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Ancient History: Making a Shaduf

  • September 19, 2023
  • By Donielle
Ancient History: Making a Shaduf

We are studying ancient history this year. Its the first time for my first grader and the last time for my 12th grader. One of my favorite things about teaching history is that it is such a hands-on, project heavy subject. There is so much you can do both inside and outside a classroom to make sure that what is studied is remembered. Sometimes I plan out the projects, but occasionally something just comes to me and I go off script into exploration-by-project. This happened last week. We made a shaduf.

Biblioplan and Story of the World

We use Biblioplan for studying history in co-op. But the beauty of Biblioplan is that it coordinates with other history curriculums. So, if you are in my position, that is teaching a 12th grader and a first grader history at the same time, and you want to integrate as much as possible because 1) its your kids’ last year learning together and 2) history is the hub of your entire curriculum, then you can use your favorite parts of Story of the World to supplement with your little one! The Story of the World Activity Book has fun coloring pages. When we color the Farmer using a shaduf, I was struck with curiosity. How did this thing work?

The project

This led to the spontaneous project. We built our own shaduf! Looking through the recycling bin, we fashioned a lightweight bucket from a milk carton and twine. The pool was our water source and potted plants the agriculture we were watering. Searching around the yard for shaduf building supplies, we started with a kid’s chair and a wiffle ball bat.

Child with chair making shaduf

A shaduf (sometimes spelled shadoof) is a hand operated machine for watering crops from a river or other body of water. So when we are studying ancient cultures and talking about them settling down to farm the land, the natural question is how did farming work without all the fancy equipment we have now? The shaduf was invented early on in human history and in some places is still used today! It works like this: Dip the bucket, which is suspended from the framework, into the water. Either the length of the pole or the weight at the other end helps pull the bucket of water from the lower level (water level) to the higher level where the irrigation ditch is, or some other apparatus to carry the water to the spot it is needed.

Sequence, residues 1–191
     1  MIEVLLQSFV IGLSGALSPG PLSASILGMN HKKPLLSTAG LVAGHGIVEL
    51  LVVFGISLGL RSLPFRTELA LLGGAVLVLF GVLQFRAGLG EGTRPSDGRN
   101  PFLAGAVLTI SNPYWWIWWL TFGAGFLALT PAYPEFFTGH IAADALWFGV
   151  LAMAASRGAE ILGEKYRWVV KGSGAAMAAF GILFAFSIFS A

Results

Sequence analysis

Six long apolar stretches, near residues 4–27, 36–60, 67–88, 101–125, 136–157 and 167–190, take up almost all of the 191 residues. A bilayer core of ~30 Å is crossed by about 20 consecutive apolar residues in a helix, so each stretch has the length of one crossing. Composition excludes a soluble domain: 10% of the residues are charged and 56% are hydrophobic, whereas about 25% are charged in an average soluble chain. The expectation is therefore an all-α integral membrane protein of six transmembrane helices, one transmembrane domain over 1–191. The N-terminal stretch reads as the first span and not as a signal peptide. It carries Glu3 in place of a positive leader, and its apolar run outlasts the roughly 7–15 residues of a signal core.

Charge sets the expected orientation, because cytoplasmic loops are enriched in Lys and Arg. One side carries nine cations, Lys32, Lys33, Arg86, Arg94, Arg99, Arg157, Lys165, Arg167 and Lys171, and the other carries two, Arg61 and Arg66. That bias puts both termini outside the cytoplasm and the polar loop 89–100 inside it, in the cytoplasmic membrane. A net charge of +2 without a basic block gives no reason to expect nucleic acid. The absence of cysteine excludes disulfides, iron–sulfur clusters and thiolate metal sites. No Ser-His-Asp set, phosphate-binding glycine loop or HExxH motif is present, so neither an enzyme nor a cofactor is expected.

When we decided that our shaduf needed more height (from a tall backed lawn chair) to properly reach our flower pots, we soon realized the added height required additional length. A broomstick did the trick. We tried some different supplies and methods until we felt like genuine Egyptian farmers dipping out of the NIle or Sumerians along the Euphrates!

Child with lawn chair making shaduf

Shaduf making was a little bit of history, a little bit of science, and a lot of fun! It was an unofficial lesson in physics. My six year old had a blast trying different things and experimenting with simple mechanics. She won’t forget what may have otherwise been a passing factoid in her history career.

By Donielle, September 19, 2023
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1 Comment
  • Josie Mijares
    September 19, 2023

    I can see Melody really focusing on making this Shaduf. What a memorable teaching experience for both of you. You are a phenominal home school mom, Donielle!

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